The truth is that White space is backed by federal laws in the colonial United States.  Redlining occurred in the major metropolitan areas in the United States so there was concentrated poverty within communities of color and White space in the suburbs.  For Native American people White space took everything and blocked our beautiful way of life in terms of traditional economies.  Every molecule of our existence and livelihood was swallowed up and backed by federal laws.  The Dawes Act of 1887 has four important stipulations which occur in an order that describes colonization and land loss.  These stipulations include the following: imposed individual land ownership, heirship, surplus land was opened up to White settlement, and checker boarding. 

A poem I wrote in 1998.   I was 16 years old. 

A poem I wrote in 1998.   I was 16 years old. 

What Settlers Can Do

Settlers don’t think much about Native people.  The general theme is everything is fine, I’ve got mine, and I’ll feel good if I send $20 to the local soup kitchen.  Settler colonialism has purposefully erased us and established a colonial nation with States.  Within States there are Counties.  Within Counties there are Cities, Towns, Townships, Villages, and Unincorporated Villages.  The un-incorporation sounds like it business, eh?  It is a colonial business and it has gone on way too long.  Settlers play a part in this business as maintained by the federal government to local government.  It is all the same.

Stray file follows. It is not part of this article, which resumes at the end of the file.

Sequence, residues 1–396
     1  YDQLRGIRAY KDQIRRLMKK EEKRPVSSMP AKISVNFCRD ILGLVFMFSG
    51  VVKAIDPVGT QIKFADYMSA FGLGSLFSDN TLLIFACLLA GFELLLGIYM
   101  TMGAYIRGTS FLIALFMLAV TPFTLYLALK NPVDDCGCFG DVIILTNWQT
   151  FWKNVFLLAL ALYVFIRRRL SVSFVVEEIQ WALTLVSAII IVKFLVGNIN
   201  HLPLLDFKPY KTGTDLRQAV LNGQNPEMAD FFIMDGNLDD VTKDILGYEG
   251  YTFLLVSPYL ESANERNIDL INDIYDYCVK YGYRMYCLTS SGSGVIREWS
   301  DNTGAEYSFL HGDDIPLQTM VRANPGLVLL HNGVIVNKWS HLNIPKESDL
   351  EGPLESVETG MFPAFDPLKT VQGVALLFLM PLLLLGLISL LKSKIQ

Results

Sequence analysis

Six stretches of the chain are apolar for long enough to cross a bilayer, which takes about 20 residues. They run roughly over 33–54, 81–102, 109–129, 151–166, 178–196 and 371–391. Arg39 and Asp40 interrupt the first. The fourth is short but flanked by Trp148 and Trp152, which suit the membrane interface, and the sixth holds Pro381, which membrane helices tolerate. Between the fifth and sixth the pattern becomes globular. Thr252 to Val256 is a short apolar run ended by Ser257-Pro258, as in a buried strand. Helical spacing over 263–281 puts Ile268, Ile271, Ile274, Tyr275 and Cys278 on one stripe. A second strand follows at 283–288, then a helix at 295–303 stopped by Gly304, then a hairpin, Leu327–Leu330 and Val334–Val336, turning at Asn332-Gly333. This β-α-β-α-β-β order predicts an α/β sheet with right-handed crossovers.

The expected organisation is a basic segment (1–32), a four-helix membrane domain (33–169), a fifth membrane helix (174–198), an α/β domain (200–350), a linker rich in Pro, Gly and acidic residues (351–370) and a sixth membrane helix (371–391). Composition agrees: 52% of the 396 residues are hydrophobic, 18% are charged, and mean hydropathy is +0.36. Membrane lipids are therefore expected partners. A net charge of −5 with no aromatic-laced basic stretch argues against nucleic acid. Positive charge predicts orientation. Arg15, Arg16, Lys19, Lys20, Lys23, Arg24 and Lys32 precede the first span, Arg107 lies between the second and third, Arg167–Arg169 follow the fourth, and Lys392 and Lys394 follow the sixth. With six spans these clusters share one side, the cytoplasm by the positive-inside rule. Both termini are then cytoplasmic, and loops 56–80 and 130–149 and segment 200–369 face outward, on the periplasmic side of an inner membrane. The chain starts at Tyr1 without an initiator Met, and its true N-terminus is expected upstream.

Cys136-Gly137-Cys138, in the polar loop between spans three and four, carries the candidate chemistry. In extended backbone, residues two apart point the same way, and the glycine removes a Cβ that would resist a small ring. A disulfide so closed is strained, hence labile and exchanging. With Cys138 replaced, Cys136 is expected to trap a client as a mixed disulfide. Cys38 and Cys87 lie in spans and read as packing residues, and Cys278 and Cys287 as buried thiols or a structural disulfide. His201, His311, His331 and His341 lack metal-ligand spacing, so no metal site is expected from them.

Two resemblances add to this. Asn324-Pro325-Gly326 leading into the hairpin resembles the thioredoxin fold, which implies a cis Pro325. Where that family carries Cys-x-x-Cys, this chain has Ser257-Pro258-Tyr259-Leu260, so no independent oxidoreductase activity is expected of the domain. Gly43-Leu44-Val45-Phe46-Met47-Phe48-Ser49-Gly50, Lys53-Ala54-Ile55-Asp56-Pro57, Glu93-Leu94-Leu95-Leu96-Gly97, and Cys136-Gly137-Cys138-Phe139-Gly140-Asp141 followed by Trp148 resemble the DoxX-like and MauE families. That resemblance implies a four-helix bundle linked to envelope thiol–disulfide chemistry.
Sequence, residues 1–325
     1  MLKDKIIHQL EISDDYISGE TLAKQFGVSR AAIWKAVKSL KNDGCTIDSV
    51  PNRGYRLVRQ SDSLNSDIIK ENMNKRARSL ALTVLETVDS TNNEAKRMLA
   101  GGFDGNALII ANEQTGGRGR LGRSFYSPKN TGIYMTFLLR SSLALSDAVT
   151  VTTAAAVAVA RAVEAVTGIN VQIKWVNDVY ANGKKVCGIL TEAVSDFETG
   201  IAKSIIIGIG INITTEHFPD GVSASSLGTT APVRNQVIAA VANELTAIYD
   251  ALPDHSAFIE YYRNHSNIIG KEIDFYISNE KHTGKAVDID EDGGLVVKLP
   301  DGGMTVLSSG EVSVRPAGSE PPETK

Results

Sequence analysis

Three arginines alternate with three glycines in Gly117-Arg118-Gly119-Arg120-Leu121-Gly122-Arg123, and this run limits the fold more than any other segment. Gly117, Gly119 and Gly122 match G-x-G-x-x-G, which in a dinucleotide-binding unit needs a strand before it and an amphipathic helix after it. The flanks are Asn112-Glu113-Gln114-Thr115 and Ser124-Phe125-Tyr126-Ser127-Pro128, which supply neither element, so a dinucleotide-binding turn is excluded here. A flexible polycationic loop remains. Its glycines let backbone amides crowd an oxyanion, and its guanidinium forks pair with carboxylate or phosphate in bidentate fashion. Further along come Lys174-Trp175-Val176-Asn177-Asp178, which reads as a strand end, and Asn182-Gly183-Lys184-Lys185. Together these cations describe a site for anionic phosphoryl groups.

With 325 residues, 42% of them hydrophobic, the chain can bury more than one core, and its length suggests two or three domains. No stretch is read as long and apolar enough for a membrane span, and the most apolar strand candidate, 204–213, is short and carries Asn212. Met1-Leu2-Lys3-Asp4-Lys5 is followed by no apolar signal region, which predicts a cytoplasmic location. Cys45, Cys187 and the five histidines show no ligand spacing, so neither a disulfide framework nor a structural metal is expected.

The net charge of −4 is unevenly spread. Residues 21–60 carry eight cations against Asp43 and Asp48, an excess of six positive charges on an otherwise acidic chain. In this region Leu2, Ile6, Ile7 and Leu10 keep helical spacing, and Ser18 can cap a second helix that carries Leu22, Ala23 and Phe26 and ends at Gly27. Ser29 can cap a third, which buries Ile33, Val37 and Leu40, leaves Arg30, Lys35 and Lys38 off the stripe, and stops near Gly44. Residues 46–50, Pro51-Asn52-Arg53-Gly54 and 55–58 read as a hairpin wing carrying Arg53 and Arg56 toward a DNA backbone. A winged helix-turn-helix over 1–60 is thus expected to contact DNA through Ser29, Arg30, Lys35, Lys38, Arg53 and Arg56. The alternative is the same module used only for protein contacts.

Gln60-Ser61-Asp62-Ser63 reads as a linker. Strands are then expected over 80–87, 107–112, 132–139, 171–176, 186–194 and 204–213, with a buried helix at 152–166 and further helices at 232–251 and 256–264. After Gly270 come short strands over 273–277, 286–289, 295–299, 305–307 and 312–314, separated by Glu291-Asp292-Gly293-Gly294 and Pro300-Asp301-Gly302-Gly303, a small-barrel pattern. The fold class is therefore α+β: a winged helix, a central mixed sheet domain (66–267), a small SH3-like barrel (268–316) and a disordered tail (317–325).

Settlers seem to be in denial of the problem like an addiction.  This occupied land by the colonial business of the United States is an addiction.  Many countries around the world don’t like the United States.  You can see why.  Although these countries are not perfect in how they have treated Indigenous people yet Canada, New Zealand, and Australia have at least started working reconciliation issues.  Meanwhile in the colonial United States there has been no movement.  Resource colonization, environmental racism, and job discrimination is continued colonization.  If you think colonization is over you are colonization denial and need to check into a decolonization anonymous group!

Settlers don’t know where to start.  Usually they want to work more and disconnect from their children by working 80 hours a week.  They want to numb out in front of TV or eat toxic foods.  They believe the “history” books in high school and pledge allegiance to genocide.  This land is not your land as this land is Native land.  Actually admitting you have a problem doesn’t mean you are enlightened.  By acknowledging you see and want to listen to Native people you are on the first step to being a settler ally.  Most settlers in the United States have a problem.